Accordingly, the Court construes this term to mean "positioning the spring of each independent suspension to bias a respective wheel of the two wheels in a downward direction, the spring, but for the load compensation adjuster, operating in a range of compression between uncompressed and fully compressed states."

e. "main frame"

The parties agree that a "main frame, " by its plain meaning, is a "primary load-bearing structure." Defs.' CC Br. at 9. The parties disagree on whether reference to a "subframe" elsewhere in the specification requires further differentiation to give proper meaning to the "main frame" and assure definiteness. The Court cannot discern why this dispute is meaningful. As Plaintiffs point out, Defendants have adduced no evidence as to why a person of ordinary skill in the art would be unable to determine the primary load-bearing structure in a mower, and therefore they have not shown why declining to further construe the claim would render it indefinite. See Pls.' CC Rebuttal at 3. To the extent that Defendants argue that "coupling each wheel to the main frame" depends on the definition of a subframe, see Defs.' CC Rebuttal at 10, it is unclear why this dispute is not captured by the definition of the word "coupled, " discussed infra, if the subframe is not the "primary load-bearing structure." Accordingly, the Court will construe a "main frame" to be simply a "primary load-bearing structure."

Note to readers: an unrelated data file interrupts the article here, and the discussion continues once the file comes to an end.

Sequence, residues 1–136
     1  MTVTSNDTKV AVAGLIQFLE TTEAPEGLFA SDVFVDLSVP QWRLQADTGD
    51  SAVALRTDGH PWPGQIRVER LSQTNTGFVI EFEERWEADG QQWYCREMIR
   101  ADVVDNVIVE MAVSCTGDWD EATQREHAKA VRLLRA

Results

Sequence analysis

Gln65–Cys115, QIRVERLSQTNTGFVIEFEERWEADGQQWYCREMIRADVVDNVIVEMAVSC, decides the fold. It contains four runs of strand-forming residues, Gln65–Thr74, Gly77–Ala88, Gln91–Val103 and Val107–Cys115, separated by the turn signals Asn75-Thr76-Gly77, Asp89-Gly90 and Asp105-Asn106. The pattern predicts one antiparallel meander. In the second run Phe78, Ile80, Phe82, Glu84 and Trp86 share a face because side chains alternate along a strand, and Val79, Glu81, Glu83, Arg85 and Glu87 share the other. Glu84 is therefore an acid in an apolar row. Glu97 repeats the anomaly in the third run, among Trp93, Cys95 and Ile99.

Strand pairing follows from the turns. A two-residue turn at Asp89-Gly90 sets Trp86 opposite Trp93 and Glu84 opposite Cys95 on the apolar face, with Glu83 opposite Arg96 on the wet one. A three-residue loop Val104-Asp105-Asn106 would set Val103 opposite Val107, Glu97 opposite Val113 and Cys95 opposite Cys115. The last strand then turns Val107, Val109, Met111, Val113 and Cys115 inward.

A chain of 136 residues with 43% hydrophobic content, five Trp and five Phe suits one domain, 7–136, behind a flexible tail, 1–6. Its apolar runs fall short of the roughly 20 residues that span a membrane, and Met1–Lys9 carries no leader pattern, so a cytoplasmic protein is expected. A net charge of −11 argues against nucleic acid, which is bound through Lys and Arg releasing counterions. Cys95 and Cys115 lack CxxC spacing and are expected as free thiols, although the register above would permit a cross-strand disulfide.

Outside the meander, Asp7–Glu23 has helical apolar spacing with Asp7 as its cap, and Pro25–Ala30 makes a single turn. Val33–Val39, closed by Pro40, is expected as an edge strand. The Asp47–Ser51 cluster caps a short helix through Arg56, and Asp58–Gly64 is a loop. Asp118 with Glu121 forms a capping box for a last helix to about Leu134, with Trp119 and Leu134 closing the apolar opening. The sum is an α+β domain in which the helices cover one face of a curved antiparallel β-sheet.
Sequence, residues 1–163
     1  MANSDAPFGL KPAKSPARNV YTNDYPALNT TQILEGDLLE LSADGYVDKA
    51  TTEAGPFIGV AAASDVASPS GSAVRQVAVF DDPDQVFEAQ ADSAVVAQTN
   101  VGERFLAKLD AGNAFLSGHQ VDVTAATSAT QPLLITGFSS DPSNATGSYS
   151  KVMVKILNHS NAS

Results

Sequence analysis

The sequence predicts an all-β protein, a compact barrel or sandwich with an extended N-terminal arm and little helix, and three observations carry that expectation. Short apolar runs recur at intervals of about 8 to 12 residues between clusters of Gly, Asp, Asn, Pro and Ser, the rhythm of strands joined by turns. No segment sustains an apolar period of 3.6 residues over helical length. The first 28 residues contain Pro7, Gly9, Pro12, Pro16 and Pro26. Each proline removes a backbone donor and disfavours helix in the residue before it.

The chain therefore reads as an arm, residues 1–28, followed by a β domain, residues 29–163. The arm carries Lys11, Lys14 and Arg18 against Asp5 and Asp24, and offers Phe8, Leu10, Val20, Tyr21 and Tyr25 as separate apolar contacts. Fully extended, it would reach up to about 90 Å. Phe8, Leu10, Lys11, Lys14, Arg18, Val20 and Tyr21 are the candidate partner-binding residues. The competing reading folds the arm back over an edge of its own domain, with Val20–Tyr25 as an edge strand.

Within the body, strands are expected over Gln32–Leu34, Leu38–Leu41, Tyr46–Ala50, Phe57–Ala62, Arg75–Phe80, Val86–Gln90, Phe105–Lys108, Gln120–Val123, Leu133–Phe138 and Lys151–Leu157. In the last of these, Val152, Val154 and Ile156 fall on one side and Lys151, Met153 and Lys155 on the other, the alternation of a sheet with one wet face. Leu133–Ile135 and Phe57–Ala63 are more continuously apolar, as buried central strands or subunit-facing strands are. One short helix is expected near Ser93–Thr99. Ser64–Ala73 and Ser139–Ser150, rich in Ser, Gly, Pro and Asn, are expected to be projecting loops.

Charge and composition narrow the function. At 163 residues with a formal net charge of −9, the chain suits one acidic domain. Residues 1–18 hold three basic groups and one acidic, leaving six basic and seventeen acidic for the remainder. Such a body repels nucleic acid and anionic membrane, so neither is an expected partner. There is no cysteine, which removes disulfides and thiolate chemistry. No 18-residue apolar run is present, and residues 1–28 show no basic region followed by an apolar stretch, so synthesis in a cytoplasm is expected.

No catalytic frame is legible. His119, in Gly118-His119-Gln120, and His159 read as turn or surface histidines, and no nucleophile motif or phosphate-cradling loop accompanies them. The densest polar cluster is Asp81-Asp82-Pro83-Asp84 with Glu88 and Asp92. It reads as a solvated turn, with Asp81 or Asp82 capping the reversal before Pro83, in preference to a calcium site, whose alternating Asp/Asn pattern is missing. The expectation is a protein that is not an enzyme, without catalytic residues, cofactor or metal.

f. "providing a main frame with a cutter deck" and "coupling the cutter deck to the main frame"